Psychotropic drugs are chemicals thataffect the mind. They have been used for thousands of years for spiritual, medical and recreational purposes. Whether attained illegally, bought over the counter or obtained by the grace of a physician’s perscription, the use of psychotropics has become a pervasive habit in our society.
As illicit substances, they are used to drown hopelessness or erase boredom. As medical substances, they are employed to ease emotional pain, relieve anxiety, mask a depression, keep someone from doing him/herself in, or hold together a fractured psyche. Although not frequently utilized in the modern world as spiritual substances, they are said to bring the seeker to a deeper understanding of the reality, of God and oneself.
Up until the last century or so, psychotropics were derived from natural sources such as mushrooms or the hemp plant. Although I am not certain whether alcohol is formally considered to be in this group or not, it probably isn’t too much of a stretch to classify it as a psychotropic since it certainly affects the mind.
With the advent of modern science, the development of biochemistry and the rise of the pharmaceutical industry, psychotropic drugs have more and more become heavily regulated, proprietary items. They garner enormous profits for the manufacturers and empower a class of highly paid medical professionals as the guardians of mental well-being.
They have become our modern priesthood entrusted with the prerogative to monitor and alter our state of mind. This in large part has replaced an older tradition of priests who through the rigors of spiritual practice and personal insight offered guidance as well as protection from psychic insults.
There is absolutely no doubt that for some persons the modern psychiatric use of psychotropic drugs has been a godsend. It offers a deliverance from the hell of mental illness for people whose reality has become too fragile or shattered, or people who otherwise might be a danger to themselves or others. These are people whose condition and life circumstances dictates the necessity of employing powerful drugs that alter their chemical makeup and often shut down their emotional being.
But of the population that actually is taking prescribed psychotropic medications, I believe the above group is probably a minority. In fact, it might be a very small percentage of the total group.
Then who are the majority? They are various types of people whose situations can vary quite drastically. Here is a representative sample from my own practice: (1) An older person suffering from a chronic degenerative neurological condition. On mentioning to the neurologist that the condition is emotionally draining, a pad is whipped out and a prescription of Prozac is written without further thought or discussion. The patient turns it down saying that clarity of mind and a side-effect free body are more important. The neurologist replies, “You’re probably right”. (2) A professional person with young children feels depressed, sometimes to the extent of suicidal tendencies. Having taken medications for a year, this person is frustrated with the approach because it reduces symptoms without correcting the basic disposition. After a homeopathic prescription, the condition improves dramatically. Medication is no longer necessary.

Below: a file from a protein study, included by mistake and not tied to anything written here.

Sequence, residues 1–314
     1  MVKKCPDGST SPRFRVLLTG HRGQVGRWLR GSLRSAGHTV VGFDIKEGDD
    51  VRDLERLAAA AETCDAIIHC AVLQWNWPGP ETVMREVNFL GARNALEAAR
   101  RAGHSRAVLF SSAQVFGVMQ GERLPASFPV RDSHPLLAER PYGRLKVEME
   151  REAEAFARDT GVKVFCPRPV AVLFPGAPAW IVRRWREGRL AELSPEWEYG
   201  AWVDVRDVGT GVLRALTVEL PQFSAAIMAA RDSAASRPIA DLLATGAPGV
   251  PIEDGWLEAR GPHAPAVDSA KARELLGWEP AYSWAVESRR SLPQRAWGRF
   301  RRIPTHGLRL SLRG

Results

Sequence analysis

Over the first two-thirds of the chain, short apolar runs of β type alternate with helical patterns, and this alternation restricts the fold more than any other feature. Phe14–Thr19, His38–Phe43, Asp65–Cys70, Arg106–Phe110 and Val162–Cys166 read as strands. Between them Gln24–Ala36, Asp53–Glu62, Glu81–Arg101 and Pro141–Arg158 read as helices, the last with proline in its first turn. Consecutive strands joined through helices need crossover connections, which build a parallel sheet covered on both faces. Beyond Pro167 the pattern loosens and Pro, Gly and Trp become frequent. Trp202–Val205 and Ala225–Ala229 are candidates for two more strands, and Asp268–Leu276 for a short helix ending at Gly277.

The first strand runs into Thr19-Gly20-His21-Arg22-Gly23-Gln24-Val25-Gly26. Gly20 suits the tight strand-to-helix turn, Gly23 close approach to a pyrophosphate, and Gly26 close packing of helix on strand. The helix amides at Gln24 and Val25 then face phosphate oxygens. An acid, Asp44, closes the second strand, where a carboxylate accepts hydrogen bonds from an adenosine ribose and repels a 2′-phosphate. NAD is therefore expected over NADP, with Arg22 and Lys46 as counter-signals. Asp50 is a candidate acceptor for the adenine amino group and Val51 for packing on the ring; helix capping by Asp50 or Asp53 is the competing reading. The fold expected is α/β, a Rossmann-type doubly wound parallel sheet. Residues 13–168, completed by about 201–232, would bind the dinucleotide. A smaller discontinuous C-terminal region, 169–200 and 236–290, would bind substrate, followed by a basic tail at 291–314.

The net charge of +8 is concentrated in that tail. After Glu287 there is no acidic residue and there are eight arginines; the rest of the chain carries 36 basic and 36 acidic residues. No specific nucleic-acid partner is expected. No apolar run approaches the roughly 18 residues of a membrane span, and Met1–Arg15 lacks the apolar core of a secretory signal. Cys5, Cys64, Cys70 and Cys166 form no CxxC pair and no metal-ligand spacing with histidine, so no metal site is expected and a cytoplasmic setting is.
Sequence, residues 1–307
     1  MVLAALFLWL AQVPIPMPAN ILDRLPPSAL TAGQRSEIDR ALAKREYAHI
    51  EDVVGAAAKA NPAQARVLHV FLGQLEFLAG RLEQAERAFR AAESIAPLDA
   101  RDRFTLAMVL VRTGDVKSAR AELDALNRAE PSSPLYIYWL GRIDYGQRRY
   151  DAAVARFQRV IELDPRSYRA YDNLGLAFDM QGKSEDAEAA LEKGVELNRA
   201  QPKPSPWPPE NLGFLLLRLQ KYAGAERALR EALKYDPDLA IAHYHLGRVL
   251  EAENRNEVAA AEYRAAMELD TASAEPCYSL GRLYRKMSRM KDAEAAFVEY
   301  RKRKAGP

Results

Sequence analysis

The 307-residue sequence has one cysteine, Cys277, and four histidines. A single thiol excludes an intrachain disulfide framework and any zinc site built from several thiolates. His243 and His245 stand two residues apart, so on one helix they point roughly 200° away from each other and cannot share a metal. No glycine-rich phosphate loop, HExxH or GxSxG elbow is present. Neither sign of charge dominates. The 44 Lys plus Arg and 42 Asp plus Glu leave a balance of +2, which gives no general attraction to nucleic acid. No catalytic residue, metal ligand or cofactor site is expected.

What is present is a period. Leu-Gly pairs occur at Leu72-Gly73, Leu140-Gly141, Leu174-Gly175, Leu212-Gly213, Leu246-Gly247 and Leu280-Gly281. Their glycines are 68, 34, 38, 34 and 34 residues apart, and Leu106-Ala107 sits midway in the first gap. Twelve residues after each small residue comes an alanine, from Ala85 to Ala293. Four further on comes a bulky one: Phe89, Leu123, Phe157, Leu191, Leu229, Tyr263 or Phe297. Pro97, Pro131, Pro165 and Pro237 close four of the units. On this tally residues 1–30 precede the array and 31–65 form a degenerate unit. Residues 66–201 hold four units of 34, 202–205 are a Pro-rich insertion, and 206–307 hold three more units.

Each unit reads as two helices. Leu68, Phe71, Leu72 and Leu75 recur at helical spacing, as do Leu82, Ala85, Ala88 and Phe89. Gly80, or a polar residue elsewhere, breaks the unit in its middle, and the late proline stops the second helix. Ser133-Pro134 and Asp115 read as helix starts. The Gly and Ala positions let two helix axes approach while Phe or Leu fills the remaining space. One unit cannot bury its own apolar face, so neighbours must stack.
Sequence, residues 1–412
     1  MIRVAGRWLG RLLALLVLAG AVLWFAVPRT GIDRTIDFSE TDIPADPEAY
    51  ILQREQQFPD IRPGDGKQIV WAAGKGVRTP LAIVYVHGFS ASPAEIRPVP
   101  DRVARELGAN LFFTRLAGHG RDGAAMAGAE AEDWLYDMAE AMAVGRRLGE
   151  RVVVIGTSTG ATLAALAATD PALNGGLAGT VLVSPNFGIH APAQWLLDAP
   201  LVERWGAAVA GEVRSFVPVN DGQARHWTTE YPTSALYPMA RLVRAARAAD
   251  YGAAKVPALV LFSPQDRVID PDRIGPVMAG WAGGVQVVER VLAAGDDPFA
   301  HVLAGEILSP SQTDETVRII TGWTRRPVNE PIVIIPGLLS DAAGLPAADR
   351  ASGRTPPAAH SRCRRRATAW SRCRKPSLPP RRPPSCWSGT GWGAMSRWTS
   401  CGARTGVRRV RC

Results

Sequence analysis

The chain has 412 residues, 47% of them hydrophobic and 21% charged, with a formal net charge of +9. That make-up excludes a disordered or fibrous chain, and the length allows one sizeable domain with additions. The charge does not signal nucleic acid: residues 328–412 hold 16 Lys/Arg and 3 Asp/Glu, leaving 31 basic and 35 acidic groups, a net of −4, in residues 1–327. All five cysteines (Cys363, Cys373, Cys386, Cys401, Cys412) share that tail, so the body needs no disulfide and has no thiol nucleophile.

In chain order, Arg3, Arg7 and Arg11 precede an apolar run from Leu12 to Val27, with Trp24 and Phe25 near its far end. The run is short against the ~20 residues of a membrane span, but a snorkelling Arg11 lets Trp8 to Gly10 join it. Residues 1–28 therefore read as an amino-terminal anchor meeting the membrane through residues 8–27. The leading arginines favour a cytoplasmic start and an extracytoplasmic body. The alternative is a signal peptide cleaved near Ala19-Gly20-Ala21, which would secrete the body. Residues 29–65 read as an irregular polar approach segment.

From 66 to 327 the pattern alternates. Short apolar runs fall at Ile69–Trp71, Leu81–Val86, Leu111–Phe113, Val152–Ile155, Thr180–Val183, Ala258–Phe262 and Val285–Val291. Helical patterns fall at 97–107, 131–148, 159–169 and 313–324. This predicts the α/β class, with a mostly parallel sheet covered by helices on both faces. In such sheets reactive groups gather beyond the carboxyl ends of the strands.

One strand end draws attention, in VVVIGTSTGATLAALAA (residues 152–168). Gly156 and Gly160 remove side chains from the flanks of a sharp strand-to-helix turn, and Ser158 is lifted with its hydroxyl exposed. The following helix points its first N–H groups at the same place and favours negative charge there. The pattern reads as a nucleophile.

(3) A person is seen for depression which has over 30 years history of depression. The list of medications that have been prescribed for psychological and physical complaints would run for pages. Much of the medications are needed to counter the side effects of other drugs. Over a period of one year, slow progress is made to wean this person away from all of the psychotropic drugs and some of the other ones as well. Step-by-step this person is learning to avoid a knee jerk reaction to call on the ever willing medical profession to medicate away every unpleasant feeling that is experienced. There is an increasing sense of well being, a greater sense of self and self-determination. Maybe in another year or so, this person will be drug free.
(4) A young woman has suffered from overwhelming rage before her periods. Any number of therapists have refused to work with her unless she medicates these moods away. Over many months, homeopathic care helps her resolve much of this anger.
These are just a representative few of the many people who, with proper care, can work through much of their emotional turmoil without resorting to medication. The process is often slower and demands courage as well as determination. It certainly is not for everyone — but the rewards are enormous.
The other day an old friend from college called. Since our paths first crossed over 20 years ago (if I remember correctly, he wandered across the dorm hall to check out the music emanating from from my room), we’ve been in touch on and off, sharing the twists and turns of our disparate lives.